superior

adjective
su·​pe·​ri·​or | \ su̇-ˈpir-ē-ər \

Definition of superior

 (Entry 1 of 3)

1 : situated higher up : upper
2 : of higher rank, quality, or importance
3 : courageously or serenely indifferent (as to something painful or disheartening)
4a : greater in quantity or numbers escaped by superior speed
b : excellent of its kind : better her superior memory
5 : being a superscript
6a of an animal structure : situated above or anterior or dorsal to another and especially a corresponding part a superior artery
b of a plant structure : situated above or near the top of another part: such as
(1) of a calyx : attached to and apparently arising from the ovary
(2) of an ovary : free from the calyx or other floral envelope
7 : more comprehensive a genus is superior to a species
8 : affecting or assuming an air of superiority : supercilious

superior

noun

Definition of superior (Entry 2 of 3)

1 : one who is above another in rank, station, or office especially : the head of a religious house or order
2 : one that surpasses another in quality or merit

Superior

geographical name
Su·​pe·​ri·​or | \ su̇-ˈpir-ē-ər \

Definition of Superior (Entry 3 of 3)

city and port on Lake Superior in northwestern Wisconsin population 27,244

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Other Words from superior

Adjective

superiorly adverb

Examples of superior in a Sentence

Adjective

This new model offers superior performance. The small army was overwhelmed by superior numbers. He only helps us because it makes him feel superior. Report to your superior officer. The verdict was reversed by a superior court.

Noun

His superior gave him an excellent evaluation. You should report any problems to your immediate superior.
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Recent Examples on the Web: Adjective

Newsletter Sign-up On top of superior coaching, moving away from the U.S. and playing in a top-five European league also gave Pulisic the space to develop without a constant American spotlight. Joshua Robinson, WSJ, "Christian Pulisic Becomes Most Expensive U.S. Soccer Star After Record Transfer," 2 Jan. 2019 As a shock to probably nobody, the direct-to-consumer mattress was indeed far superior to my regular mattress, which is actually my old roommate’s mattress, which before that was probably somebody else’s too. Rebecca Jennings, Vox, "I used all the best stuff for a week and it nearly broke me," 12 Dec. 2018 In 1968 he was appointed commander in chief, Pacific Command (CINCPAC), superior officer to all U.S. military in the Vietnam War. P.j. O'rourke, Town & Country, "Roberta McCain, the Woman Who Shaped Senator John McCain," 29 Aug. 2018 Here are their stories: Kissimmee Officer Matthew Baxter Died: Aug. 18, 2017 Cause: Baxter, 27, was killed was on patrol Aug. 18 after approaching Everett Glenn Miller, who authorities said shot Baxter and his superior officer, Sgt. Jeff Weiner, OrlandoSentinel.com, "Peace Officers Memorial Day: These Orlando-area officers lost their lives on duty in the past decade," 15 May 2018 For years, superior officers schemed to end his career. Kathryn Schulz, The New Yorker, "McMaster and Commander," 23 Apr. 2018 According to court documents, a superior officer left Alston a voicemail message in May 2010 that included the N-word. Danny Mcdonald, BostonGlobe.com, "Judge orders commission to reconsider Brookline firefighter discrimination case," 19 Apr. 2018 His astounding heroism might have been recognized with the Medal of Honor in the waning days of the war, but a superior officer didn’t want to delay him from returning home. David Jackson, USA TODAY, "President Trump to award Medal of Honor to World War II hero for repelling German attack," 29 Mar. 2018 In Vulgar Favors, Maureen Orth points to an incident involving a disrespectful gift for a superior officer as a possible reason for Trail not getting promoted. Eliza Thompson, Cosmopolitan, "Everything in The Assassination of Gianni Versace That Really Happened (And What Didn't)," 15 Feb. 2018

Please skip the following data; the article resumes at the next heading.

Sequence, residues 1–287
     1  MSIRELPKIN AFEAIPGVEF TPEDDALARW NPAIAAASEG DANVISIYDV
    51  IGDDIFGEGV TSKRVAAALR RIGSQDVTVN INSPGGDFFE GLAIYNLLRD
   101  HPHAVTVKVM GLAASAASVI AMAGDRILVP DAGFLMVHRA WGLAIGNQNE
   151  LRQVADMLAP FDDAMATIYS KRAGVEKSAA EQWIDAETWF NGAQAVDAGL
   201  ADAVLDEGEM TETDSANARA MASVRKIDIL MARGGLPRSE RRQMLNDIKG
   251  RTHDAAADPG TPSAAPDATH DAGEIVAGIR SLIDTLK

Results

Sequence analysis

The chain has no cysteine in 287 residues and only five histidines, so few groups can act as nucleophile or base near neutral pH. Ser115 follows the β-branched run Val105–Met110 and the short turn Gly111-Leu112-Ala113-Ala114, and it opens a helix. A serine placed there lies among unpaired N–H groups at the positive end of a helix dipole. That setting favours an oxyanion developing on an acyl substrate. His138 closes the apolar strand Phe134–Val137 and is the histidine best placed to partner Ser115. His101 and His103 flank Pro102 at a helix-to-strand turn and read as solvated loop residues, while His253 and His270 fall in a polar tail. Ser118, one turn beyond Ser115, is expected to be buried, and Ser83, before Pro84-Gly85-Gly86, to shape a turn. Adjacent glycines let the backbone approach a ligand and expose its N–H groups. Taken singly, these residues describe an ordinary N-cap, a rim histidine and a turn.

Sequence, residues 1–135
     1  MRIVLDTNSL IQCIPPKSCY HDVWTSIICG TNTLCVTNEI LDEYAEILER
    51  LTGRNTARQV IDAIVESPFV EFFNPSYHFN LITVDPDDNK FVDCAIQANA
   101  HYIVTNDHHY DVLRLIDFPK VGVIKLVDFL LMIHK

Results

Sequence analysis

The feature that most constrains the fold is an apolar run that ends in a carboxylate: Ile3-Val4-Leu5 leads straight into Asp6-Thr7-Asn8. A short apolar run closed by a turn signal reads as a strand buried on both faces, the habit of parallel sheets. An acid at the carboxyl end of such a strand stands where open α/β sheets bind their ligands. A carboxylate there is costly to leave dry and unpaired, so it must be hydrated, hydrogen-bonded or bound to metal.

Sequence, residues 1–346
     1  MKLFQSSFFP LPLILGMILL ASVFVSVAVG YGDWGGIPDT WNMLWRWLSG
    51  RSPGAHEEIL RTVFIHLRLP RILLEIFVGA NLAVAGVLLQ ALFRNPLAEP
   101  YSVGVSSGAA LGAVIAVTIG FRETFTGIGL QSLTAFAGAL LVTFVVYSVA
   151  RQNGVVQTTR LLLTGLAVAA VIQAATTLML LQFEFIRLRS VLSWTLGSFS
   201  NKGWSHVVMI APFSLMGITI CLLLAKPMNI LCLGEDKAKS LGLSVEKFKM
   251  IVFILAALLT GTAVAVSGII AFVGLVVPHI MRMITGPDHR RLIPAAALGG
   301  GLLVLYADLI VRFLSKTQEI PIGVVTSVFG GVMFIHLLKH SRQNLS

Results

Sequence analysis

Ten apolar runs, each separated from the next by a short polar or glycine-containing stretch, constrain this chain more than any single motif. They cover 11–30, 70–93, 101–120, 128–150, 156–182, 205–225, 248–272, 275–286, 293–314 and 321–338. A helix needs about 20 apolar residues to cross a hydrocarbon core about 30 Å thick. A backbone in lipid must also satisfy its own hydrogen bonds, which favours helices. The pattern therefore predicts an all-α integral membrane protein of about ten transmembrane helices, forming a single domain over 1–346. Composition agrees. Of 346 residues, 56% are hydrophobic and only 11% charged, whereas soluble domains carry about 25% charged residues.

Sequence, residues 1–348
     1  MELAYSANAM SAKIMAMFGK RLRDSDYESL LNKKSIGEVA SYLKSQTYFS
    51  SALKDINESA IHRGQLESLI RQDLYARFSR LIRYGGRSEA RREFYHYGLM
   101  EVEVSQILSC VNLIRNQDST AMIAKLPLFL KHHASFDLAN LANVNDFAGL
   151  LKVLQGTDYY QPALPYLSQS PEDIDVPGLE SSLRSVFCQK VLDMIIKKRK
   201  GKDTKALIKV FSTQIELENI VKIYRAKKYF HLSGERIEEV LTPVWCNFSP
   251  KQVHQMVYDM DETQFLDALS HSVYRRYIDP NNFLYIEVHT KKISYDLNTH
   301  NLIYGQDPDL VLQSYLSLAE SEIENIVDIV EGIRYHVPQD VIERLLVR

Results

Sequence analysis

Recent Examples on the Web: Noun